6 things you should not do when doing influencer campaigns | Startup Central
There are many things to keep track of when creating influencer campaigns. Here you get 6 things that you must not do or overlook when you create influencer campaigns on Instagram.
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There are many things to keep track of when you have to run an influencer campaign, and mistakes can happen on the fly which make it difficult to achieve a successful campaign. This blog post focuses on 6 things you must not do or overlook when creating influencer campaigns on Instagram.

1. Focus exclusively on the number of followers

Finding the right influencer(s) for your campaign is the most important thing for the campaign to be successful. And I see many who still only look at the influencer's follower count. This is one of the biggest mistakes you can make. Because the influencer can have enough followers, but if they don't reach those followers... then it doesn't matter!

There are a number of qualitative and quantitative parameters that you need to keep in mind depending on what your aim with the campaign is.

It is above all more important that the influencer has a good reach efficiency rate. It tells how large a part of his followers the influencer actually reaches. A good reach efficiency rate must be over 50%, and the higher, the better! It is important that it is high in order to have the best starting point for converts, but also to reach as many people as possible with your message. Other quantitative parameters can be: engagement rate and demographics of the followers. Qualitative parameters can be: the influencer's values, visual style and other collaborators.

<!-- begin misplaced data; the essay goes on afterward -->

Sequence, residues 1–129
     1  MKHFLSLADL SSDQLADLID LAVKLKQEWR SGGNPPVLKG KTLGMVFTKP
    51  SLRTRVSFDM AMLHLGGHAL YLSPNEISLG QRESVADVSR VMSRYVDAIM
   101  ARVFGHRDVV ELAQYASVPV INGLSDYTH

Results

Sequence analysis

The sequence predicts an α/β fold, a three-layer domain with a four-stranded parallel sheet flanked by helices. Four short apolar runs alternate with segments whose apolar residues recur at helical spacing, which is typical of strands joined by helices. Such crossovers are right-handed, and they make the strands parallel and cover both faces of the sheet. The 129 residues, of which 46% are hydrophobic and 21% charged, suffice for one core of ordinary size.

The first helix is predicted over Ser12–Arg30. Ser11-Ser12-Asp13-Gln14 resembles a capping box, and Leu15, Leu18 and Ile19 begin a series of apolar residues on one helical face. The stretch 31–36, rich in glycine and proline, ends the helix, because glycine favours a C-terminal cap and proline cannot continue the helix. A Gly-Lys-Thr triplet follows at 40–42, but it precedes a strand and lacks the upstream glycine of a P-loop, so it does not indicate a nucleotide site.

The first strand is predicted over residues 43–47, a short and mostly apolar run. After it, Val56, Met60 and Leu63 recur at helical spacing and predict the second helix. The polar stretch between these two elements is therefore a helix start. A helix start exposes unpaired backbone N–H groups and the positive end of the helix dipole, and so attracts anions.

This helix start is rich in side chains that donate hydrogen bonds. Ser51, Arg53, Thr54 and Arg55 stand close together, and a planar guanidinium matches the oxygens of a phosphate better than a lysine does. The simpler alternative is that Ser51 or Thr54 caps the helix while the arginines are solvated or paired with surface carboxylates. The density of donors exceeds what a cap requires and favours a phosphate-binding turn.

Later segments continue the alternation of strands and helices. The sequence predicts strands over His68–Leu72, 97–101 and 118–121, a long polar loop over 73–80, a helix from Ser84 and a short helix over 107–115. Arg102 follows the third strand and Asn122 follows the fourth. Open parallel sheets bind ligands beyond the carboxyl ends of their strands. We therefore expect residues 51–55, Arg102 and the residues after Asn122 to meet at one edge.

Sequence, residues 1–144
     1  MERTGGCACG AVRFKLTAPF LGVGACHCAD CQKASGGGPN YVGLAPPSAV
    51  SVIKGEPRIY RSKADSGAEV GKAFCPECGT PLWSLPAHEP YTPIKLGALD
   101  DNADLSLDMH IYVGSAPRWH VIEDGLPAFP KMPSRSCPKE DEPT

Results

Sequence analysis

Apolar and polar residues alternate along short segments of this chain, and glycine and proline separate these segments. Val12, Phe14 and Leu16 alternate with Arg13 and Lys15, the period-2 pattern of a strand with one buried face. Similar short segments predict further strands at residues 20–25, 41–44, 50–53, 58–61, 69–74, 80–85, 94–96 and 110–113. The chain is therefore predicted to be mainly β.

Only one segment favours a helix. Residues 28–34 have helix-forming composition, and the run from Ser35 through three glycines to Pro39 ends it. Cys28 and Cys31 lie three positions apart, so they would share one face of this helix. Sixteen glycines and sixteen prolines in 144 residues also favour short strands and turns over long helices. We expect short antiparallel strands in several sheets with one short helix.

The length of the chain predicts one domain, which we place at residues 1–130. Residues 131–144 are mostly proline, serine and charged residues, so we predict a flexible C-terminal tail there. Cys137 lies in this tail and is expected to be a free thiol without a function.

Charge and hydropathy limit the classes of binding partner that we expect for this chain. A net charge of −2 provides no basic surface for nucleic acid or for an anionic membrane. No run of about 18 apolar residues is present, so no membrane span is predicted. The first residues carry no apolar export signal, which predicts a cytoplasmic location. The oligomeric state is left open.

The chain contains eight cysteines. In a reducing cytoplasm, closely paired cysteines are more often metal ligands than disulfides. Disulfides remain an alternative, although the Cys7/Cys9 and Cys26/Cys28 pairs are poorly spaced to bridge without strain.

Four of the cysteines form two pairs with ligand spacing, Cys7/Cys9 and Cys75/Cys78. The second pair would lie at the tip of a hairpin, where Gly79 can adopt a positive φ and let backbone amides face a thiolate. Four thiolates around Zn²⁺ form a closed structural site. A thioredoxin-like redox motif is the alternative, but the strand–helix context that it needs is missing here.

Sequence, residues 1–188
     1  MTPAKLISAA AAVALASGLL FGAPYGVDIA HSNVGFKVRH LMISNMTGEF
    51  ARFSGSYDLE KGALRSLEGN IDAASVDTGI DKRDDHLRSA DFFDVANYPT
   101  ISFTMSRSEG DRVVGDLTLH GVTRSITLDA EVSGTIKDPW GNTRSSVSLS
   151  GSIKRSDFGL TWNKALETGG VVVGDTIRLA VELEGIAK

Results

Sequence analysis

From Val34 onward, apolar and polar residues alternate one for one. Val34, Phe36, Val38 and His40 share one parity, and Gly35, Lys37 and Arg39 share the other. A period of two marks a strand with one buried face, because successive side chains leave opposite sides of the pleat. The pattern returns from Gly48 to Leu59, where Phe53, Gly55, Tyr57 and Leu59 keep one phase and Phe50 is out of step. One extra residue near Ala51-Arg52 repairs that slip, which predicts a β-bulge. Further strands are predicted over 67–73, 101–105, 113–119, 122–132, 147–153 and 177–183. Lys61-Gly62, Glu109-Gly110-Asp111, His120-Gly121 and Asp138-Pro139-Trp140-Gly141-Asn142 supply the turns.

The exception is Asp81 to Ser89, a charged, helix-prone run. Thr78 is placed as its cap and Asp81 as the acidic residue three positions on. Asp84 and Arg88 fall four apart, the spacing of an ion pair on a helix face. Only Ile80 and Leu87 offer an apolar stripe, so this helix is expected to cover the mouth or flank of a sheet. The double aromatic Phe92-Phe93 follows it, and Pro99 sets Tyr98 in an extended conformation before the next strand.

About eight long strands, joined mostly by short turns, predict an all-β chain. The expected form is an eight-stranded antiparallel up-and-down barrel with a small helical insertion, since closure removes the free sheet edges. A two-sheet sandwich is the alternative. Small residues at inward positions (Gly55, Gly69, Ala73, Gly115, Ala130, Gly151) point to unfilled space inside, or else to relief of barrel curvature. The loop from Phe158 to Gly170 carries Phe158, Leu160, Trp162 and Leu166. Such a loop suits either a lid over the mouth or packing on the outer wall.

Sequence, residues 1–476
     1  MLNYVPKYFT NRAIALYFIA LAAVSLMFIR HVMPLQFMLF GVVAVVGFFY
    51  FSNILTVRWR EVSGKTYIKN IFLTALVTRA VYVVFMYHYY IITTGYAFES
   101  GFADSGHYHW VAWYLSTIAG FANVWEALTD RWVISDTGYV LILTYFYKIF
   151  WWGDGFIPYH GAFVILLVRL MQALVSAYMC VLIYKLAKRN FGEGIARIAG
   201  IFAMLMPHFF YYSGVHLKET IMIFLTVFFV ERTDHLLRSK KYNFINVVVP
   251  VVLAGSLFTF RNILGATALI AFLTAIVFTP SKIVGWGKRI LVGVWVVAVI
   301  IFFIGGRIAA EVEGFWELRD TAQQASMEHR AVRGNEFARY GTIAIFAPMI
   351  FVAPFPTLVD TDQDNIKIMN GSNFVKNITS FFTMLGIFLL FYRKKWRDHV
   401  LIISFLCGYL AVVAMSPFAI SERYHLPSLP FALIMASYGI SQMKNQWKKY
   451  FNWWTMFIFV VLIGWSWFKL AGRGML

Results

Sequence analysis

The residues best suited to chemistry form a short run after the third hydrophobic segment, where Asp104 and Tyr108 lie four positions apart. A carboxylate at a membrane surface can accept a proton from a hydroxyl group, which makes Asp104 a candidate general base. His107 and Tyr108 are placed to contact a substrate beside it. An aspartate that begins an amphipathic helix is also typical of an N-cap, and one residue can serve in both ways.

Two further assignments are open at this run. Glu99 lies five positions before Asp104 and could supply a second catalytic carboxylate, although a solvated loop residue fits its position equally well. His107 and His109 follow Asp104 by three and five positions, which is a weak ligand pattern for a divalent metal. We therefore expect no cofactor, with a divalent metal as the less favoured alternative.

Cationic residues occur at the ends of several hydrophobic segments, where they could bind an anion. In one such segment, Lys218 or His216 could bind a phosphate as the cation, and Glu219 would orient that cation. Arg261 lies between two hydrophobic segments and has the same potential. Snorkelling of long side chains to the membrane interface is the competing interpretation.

2. Taking the first and best influencer without looking at data

This one is somewhat related to the first, but still deserves its own point. Unless you are only looking to get content out of the collaboration that you can post on your own platforms, it cannot be emphasized enough how important it is to look at the influencer's overall data set/media kit.

You must look at the mentioned reach efficiency rate. It should be at least between 45-60%, but preferably even higher. It can also be important to look at the engagement rate. What it should be on depends on how big the influencer is. If you are marketing to a Danish target group, I would also recommend that at least 70% of the followers come from Denmark - the higher, the better. That way you can also try to avoid fake followers. In addition, you must look at the gender, age and interests of the followers. The more homogeneous the following, the better for your campaign. And of course it must match your target audience!

If you don't have access to a data tool that can see all these numbers, ask for screenshots of the influencer's media kit.

3. Forgetting to activate discount codes

It's a classic if you're running a sales campaign. And it's just super boring. Both for you and the influencer, who gets put in the inbox. So remember to keep track of your own setup and check that discount codes are activated before the campaign starts. It ruins the experience for the buyer/follower if the discount code doesn't work when they have visited your website.